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Frontier Responds to Weather “Meltdown” in Denver: Err, Sorry!

Winter weather caused widespread delays across the western half of the country this past weekend, but Denver, it seems, got the worst of it (and not just from the Patriots).

According to USA Today, more than 5,000 flights have been canceled and nearly 20,000 delayed since Thursday. But the scene at Denver, particularly for Frontier Airlines customers, was especially bad:

“Stranded passengers of that airline took to social media in droves, with many showing pictures of long lines of passengers trying to rebook their flights. Others complained of being stuck at the airport for more than a day. Local media reports showed growing piles of luggage, with Frontier apparently unable to keep bags headed in the right direction as its operation bogged down.”

Even the pilots’ union got into the Frontier-bashing act, calling the incident a “meltdown” that stems from “the same executive mismanagement and misplaced focus on cost-cutting that has placed Frontier near the very bottom of the industry in operational performance and customer satisfaction.”


So what the heck happened? Frontier spokesperson David Faulkner explained: “We had large numbers of [crewmembers] who were stranded outside of Denver over the weekend, and many were scheduled to operate flights from Denver to somewhere else. In some cases, we had a plane but no crew to fly it because of the weather.”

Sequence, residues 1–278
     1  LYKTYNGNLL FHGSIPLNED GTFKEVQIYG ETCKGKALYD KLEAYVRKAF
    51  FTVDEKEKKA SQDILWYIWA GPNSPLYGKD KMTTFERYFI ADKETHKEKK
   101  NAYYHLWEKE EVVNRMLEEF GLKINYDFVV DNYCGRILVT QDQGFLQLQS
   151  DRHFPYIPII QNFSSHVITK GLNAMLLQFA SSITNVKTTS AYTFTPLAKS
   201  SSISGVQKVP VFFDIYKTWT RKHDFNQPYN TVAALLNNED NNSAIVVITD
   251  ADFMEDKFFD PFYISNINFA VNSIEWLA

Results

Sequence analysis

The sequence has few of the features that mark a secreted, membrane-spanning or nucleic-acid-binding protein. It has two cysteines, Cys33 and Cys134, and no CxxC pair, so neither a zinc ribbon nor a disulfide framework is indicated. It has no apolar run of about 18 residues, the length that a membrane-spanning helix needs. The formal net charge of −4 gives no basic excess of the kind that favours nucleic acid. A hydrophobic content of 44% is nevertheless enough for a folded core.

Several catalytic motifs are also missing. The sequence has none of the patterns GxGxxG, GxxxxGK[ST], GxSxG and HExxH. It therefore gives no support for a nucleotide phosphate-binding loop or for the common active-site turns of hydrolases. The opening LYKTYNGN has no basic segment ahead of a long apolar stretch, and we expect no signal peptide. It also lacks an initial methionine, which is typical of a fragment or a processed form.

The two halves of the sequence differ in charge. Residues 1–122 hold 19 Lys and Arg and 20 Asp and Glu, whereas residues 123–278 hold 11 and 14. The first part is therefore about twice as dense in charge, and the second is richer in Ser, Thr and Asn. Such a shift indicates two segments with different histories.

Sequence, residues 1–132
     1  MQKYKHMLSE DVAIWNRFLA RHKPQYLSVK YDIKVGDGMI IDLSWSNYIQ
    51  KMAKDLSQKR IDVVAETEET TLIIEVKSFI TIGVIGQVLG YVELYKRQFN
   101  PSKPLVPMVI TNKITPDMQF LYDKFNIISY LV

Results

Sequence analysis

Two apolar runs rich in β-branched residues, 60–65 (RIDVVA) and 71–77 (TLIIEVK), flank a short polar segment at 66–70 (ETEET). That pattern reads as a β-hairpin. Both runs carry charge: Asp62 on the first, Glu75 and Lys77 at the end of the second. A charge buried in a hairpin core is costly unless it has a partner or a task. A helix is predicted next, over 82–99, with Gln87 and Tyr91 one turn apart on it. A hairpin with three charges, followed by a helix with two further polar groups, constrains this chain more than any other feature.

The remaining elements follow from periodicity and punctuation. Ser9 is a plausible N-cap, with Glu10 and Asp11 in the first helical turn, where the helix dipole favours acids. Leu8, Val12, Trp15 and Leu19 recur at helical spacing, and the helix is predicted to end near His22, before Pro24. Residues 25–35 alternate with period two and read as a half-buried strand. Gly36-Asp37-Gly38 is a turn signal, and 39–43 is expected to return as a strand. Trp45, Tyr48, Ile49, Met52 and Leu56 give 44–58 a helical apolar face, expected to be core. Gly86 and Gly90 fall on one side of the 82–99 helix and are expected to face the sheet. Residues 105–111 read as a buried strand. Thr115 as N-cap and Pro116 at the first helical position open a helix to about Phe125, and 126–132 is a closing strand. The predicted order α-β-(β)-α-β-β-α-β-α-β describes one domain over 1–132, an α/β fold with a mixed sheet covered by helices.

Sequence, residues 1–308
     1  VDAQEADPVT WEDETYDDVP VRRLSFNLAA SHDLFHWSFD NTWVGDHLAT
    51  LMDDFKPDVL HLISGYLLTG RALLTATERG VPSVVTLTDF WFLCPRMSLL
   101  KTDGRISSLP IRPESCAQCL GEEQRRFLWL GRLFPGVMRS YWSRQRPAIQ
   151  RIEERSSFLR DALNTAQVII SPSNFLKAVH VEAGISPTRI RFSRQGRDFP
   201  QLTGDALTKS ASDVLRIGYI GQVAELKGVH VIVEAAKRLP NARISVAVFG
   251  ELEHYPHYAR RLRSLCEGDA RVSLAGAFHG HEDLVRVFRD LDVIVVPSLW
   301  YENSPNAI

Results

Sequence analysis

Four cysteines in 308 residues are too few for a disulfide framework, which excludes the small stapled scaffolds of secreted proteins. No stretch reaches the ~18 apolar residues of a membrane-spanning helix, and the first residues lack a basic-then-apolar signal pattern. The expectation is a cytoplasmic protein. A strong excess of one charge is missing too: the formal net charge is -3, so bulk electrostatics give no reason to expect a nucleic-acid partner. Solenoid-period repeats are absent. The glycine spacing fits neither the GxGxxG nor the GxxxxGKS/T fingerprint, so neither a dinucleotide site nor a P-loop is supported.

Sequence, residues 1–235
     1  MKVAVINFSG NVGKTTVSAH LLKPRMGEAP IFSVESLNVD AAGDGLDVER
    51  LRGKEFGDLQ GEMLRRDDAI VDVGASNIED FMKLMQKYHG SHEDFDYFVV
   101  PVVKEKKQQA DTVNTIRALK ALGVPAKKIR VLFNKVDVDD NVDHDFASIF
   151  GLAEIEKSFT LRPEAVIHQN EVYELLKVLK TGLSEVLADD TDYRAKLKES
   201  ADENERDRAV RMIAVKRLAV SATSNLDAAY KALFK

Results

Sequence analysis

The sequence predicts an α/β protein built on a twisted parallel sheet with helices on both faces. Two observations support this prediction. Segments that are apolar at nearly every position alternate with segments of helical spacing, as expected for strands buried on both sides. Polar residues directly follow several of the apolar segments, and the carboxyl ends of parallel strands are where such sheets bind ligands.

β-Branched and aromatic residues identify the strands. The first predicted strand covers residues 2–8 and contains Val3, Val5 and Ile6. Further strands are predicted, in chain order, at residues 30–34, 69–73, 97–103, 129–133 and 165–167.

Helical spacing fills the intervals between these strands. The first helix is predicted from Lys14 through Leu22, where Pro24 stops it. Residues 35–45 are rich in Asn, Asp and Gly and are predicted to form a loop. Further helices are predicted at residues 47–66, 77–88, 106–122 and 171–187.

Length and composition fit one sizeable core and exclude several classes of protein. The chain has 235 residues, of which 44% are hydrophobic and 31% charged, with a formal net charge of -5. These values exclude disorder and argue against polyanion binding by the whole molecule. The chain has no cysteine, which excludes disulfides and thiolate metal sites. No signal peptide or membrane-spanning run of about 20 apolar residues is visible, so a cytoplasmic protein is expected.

As of yesterday, operations were still struggling toward normalcy. Faulkner said the focus was on reuniting travelers with their bags.

The airline apologized to affected customers, but that may not enough. The airline’s recently rebranded itself as an ultra low-cost carrier, and the change has led to a (probably predictable) spike in customer complaints and diminished on-time performance, according to USA Today. The pilots’ union noted this specifically, saying, “Frontier’s private investors … must decide whether they want to run a reliable airline or loot it. If it’s the former, they must invest in the infrastructure and frontline employees who are trying to succeed without corporate support.”

Whether this latest incident is a reflection of an airline in transition or a sign of things to come remains to be seen. But as usual, customers are caught, or perhaps stranded, in the middle.

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